Coming to Canada was a big change and I had to re-establish many things. I had to make new friends, speak better English and I had to learn how to dress accordingly to the weather. I also learned to adapt my clothing style. When it came to school, I was so shocked that the passing mark here was 50%. At first, I refused to go below the 75% mark but after awhile, I realized that I was only stressing myself out for nothing and before I knew it, I learned to adapt to it. It wasn’t that easy though because I remember that the first few marks that I got in grade 10 that were below 75%, I literally embarrassingly cried. I also noticed that a lot of girls in my high school I went to asked the guys out that they liked the most. This is probably the only thing that I didn’t adapt fully because first of all, when it came to liking a guy, I would turn all red and hide away from them and if I really did wanted to go out with them, it took me a lot of mental brainwashing to tell myself that “I could do it”. Also, I became to be quite a rebel back in high school and I felt like I was going through that stage where I wasn’t sure as to what I really wanted to do after high school. I felt so out of place and lost. By grade 11, I hung out with the wrong crowd (partying every night) for the first semester and had to work twice as hard getting my marks up in second semester. I then had to work even harder in grade 12 to make sure I graduated and thankfully, I did!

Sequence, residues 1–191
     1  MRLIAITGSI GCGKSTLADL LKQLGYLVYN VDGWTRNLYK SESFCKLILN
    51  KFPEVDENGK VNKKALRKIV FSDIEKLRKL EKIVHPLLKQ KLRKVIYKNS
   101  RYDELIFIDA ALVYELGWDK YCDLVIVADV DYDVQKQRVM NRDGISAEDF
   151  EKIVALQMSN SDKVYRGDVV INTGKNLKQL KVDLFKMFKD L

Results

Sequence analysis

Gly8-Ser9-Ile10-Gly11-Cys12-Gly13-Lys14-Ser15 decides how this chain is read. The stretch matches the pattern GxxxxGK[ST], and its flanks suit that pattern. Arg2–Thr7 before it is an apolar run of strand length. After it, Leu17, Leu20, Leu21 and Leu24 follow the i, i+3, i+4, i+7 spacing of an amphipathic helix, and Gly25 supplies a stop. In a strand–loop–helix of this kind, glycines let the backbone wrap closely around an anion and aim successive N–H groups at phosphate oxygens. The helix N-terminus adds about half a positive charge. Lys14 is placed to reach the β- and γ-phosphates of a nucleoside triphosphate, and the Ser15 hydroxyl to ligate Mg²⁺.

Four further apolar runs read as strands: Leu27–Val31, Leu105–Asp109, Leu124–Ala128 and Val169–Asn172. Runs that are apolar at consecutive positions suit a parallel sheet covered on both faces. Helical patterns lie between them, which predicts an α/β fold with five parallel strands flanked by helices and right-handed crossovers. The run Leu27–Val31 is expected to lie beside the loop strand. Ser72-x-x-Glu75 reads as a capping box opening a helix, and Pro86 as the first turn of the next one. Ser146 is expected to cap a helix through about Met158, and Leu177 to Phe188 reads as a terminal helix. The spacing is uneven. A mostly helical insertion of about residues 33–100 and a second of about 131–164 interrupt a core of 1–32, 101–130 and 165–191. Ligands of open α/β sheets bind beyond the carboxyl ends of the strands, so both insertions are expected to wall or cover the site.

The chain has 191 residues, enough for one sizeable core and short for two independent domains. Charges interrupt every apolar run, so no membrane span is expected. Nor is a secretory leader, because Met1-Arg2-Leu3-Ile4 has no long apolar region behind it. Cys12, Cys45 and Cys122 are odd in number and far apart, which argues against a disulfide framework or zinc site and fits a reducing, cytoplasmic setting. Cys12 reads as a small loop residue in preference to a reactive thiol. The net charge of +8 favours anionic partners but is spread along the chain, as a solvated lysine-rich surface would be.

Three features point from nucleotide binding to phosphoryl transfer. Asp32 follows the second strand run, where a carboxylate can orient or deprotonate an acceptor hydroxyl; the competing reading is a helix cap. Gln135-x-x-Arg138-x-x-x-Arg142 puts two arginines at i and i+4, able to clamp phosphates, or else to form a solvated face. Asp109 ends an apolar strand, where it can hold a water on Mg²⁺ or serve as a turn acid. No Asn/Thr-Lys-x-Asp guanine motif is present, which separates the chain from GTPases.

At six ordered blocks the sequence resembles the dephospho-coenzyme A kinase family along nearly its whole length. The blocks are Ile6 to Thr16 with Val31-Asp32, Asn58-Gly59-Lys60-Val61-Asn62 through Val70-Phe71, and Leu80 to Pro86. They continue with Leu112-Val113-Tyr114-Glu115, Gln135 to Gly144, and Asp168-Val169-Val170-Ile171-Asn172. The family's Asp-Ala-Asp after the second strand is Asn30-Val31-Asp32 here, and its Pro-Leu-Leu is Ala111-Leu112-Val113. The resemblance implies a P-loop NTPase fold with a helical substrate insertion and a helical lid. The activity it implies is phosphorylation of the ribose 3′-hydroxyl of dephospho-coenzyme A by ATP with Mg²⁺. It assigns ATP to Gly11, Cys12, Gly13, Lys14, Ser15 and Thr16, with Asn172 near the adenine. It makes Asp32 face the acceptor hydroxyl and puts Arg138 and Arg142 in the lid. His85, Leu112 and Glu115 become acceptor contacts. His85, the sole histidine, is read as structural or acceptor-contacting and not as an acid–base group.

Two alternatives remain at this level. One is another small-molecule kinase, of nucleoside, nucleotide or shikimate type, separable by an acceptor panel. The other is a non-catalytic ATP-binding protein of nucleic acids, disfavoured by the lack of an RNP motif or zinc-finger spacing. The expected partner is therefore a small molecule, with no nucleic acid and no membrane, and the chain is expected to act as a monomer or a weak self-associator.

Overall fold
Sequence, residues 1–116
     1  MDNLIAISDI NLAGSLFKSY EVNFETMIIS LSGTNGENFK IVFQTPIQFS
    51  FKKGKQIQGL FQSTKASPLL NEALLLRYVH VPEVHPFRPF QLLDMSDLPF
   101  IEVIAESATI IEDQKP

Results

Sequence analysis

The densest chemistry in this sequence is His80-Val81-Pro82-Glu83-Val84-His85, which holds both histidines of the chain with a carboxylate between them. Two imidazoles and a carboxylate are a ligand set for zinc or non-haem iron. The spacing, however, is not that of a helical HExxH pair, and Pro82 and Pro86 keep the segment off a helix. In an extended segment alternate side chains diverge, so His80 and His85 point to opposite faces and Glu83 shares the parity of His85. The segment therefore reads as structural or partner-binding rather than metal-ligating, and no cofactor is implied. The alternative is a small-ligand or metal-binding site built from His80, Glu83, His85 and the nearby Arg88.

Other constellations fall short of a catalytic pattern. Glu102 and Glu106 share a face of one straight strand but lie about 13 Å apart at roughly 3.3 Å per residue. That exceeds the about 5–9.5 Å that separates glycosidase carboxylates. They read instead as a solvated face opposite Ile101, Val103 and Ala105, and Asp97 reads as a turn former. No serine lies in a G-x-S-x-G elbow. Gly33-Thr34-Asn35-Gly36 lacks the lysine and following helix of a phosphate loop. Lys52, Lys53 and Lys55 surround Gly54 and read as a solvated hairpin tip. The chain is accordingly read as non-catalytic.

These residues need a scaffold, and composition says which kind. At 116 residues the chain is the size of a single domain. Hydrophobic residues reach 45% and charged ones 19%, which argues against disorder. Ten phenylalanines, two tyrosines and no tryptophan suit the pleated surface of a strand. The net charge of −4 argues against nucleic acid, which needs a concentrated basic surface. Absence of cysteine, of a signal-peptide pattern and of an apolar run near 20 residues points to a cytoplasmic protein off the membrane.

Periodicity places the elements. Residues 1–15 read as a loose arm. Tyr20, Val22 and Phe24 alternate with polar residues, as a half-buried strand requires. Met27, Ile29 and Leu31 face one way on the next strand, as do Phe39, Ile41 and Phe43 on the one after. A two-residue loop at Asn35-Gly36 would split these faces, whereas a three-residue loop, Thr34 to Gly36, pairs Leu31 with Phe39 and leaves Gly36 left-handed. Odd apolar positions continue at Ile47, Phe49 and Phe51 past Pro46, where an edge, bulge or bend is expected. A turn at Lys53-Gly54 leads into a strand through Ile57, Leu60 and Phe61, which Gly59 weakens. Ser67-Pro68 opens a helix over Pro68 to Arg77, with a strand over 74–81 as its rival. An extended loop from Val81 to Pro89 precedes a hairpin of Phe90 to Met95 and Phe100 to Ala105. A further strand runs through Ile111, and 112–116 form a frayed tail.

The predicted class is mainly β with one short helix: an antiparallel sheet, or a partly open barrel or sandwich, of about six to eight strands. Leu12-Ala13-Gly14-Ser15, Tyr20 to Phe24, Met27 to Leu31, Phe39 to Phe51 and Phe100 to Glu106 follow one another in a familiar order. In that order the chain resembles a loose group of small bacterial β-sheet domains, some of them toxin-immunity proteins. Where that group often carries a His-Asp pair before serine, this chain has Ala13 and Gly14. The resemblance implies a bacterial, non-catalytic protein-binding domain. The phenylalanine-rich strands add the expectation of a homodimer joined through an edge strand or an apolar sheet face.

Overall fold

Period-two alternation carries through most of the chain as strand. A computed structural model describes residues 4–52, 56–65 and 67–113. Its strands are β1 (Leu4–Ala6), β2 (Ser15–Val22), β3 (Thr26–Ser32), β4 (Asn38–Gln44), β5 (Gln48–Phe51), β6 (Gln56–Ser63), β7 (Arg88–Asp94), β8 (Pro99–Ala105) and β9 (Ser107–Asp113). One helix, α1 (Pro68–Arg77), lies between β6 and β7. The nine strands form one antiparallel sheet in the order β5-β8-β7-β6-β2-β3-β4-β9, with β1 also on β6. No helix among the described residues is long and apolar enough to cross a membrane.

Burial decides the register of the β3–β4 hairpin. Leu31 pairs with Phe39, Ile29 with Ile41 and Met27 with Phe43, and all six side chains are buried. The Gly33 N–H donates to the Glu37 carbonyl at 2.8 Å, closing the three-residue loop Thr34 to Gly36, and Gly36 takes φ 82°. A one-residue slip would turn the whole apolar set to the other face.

Our socioeconomic status was a big struggle as well especially for my parents. Everything was reversed and my parents had to start from scratch all over again plus an additional three kids to feed (Ages 14, 10 and a 5 year old recently diagnosed with Autism). However, they both still stood strong when it came to us going to school and having a career. This was one thing that they never hesitated on spending money on. They both worked hard and made a lot of sacrifices. To them, owning a home seemed so far. It took us 5 years with long hard work from them to finally be able to buy a home built from scratch. I even remember purchasing our very first pre-owned mini-van that (I swear) was as old as I was that time and broke down two to three times during a very cold winter season.
Looking back at what my parents did and all the obstacles they had to overcome, I truly appreciate all the things they have done. I never understood the hardships that they had to go through until I got married and had a son of my own. I look up to my parents’ hard work and because of this, I would like to be able to achieve greater things in life through hard work and dedication just like what my parents did and even until now, they still work really hard for things that they want to achieve.
Haig, J., MacMillan, V., & Raikes, G. (2010). Cites & sources (Revised 3rd ed.). Toronto: Nelson.
Wood, J., & Schweitzer, A. (2006). Everyday encounters: An introduction to interpersonal communication (3rd Canadian ed.). Toronto: Thomson Nelson.